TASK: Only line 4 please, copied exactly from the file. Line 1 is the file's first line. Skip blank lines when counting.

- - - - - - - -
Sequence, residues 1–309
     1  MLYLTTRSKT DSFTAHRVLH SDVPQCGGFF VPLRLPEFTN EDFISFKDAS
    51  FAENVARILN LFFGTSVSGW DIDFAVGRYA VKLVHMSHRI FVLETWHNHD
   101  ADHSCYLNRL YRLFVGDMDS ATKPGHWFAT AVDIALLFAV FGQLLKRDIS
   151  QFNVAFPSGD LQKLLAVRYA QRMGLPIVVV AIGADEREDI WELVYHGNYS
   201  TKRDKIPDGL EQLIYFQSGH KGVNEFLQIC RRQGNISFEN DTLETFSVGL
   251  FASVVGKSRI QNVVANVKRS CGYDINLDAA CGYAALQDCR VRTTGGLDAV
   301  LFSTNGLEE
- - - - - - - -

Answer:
   101  ADHSCYLNRL YRLFVGDMDS ATKPGHWFAT AVDIALLFAV FGQLLKRDIS